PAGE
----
Returning Home After a Wildfire
Coming home after a wildfire can be difficult. The damage is often unknown until the homeowner returns days or weeks later. Before returning home ALWAYS check with officials before attempting to return to your home. Once home check for the following:
Check grounds for hot spots, smoldering stumps, and vegetation.
Check the roof and exterior areas for sparks or embers.
Check the attic and throughout your house for any hidden burning sparks or embers.
Check for fire damage to your home, turn off all appliances and make sure the meter is not damaged before turning on the main circuit breaker.
Check the well or pump-house to ensure it is in working order.
Watershed Impacts After a Wildfire
The after effects of a wildfire on watershed can be drastic causing immediate issues and long term effects. Rates of erosion and runoff can increase to dangerous levels following wildfires in California. Normally trees, shrubs, grass and other protective groundcover help prevent soil detachment and allow rainfall to infiltrate into the soil. After a wildfire the extreme heat can bake the soil to the point that water is unable to penetrate and can cause excessive run off in a post wildfire area.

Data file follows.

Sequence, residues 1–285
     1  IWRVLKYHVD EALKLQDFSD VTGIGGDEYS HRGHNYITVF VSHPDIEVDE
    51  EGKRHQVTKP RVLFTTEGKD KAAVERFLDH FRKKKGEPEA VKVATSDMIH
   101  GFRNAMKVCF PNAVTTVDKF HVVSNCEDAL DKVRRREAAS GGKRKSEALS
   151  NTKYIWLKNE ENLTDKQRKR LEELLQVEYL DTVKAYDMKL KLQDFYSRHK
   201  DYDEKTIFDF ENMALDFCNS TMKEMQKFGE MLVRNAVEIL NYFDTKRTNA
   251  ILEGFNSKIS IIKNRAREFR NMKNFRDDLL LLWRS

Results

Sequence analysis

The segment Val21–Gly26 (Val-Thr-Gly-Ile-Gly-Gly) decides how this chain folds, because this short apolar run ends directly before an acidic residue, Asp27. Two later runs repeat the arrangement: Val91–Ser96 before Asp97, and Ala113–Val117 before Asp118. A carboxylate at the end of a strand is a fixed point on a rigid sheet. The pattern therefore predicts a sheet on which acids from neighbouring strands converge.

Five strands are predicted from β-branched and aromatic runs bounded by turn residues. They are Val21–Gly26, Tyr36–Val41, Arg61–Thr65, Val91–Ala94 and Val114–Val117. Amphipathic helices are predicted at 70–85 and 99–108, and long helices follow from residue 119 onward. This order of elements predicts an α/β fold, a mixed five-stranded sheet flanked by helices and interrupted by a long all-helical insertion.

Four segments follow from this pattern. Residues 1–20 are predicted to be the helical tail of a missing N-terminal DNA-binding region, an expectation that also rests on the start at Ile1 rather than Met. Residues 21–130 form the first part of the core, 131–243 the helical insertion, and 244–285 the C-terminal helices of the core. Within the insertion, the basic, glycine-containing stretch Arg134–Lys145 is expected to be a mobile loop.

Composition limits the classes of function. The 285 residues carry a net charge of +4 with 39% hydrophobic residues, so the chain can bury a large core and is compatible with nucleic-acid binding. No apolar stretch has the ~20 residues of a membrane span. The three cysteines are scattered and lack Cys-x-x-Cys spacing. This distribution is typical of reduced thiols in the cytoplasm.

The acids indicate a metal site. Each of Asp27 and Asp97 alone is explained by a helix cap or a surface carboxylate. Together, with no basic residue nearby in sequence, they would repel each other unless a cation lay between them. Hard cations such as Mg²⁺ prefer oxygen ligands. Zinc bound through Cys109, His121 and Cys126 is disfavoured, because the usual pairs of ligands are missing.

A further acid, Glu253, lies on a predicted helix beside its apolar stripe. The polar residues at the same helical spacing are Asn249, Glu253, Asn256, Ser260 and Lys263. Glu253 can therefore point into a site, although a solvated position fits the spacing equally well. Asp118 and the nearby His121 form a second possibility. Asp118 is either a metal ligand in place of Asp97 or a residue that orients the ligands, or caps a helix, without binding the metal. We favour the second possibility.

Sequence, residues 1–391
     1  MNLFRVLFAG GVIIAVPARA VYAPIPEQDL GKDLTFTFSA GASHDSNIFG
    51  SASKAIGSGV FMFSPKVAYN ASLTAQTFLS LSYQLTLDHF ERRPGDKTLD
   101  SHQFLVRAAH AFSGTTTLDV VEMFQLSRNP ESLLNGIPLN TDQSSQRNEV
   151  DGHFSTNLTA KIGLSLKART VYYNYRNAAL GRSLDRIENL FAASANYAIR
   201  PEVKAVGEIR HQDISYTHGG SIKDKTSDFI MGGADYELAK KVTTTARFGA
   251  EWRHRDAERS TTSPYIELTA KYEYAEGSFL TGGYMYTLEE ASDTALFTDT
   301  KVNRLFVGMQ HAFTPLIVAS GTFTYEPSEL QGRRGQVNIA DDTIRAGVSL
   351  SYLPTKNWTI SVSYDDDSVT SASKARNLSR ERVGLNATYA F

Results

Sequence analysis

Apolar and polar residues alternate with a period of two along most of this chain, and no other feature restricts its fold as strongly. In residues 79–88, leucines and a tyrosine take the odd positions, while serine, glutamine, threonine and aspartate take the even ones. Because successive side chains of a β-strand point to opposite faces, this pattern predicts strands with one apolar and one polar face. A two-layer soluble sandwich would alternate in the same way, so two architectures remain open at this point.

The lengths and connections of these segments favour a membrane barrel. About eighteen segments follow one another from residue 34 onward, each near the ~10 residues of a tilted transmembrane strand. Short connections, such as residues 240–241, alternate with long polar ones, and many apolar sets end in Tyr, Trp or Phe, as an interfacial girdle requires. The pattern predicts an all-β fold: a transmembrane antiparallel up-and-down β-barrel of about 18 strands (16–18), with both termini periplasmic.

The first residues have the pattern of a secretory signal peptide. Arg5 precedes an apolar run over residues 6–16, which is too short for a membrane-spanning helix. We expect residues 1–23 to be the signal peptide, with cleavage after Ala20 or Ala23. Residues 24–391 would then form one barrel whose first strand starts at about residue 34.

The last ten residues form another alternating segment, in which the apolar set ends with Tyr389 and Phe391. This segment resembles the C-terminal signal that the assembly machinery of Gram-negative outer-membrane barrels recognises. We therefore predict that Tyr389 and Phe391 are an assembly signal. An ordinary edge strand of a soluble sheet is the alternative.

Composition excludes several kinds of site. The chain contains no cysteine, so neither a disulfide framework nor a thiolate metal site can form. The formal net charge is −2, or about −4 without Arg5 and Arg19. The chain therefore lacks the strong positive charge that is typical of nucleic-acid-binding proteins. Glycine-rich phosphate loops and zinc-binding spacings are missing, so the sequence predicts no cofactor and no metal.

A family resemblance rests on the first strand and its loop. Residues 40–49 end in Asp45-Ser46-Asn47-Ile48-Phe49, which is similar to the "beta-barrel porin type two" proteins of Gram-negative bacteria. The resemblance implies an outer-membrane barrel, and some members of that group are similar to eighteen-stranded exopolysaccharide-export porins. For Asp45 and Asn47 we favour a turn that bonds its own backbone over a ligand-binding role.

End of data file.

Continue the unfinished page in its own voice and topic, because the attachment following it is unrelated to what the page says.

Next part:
Before leaving a burned area, CAL FIRE will implement post-fire suppression repair efforts. This work includes:
Installing waterbars (ditches cut at an angle into the soil) on dozer firelines.
Removing soil and organic debris from streams where fire lines crossed, and mulching fire line approaches where appropriate.
Bringing road drainage structures back to pre-fire condition.
Treating/reducing large concentrations of downed trees (slash) near roads and structures.
Repairing damaged land improvements (e.g., water pipes, fences, gates) related to suppression activities.
Addressing public safety issues, such as flagging/marking hazard trees threatening roads or structures for removal by professional fallers, and mapping/reporting downed power and phone lines.
Following selected wildfires, California state Watershed Emergency Response Teams (WERTs) are deployed to conduct post-fire assessments.
WERTs identify types and locations of threats to life-safety and property (i.e., collectively known as “Values-at-Risk” or VARs) from debris flows, flooding, rockfall, and surface erosion that are elevated due to wildfire.
WERT members develop preliminary emergency protection measures for the identified locations, and communicate the findings to responsible local emergency management agencies.
Local jurisdictions may be able to obtain funding for implementation of emergency protection measures and mitigation projects from FEMA or the Natural Resources Conservation Service (NRCS). This work may include installation of structure protection for identified Values-at-Risk, such as K-rails, sand bags, and Muscle Wall.
Even with these efforts, post fire communities are still at risk and need to be prepared for flood, debris flows, mud (hyperconcentrated) flows, and surface erosion. Here are ways that you can be prepared: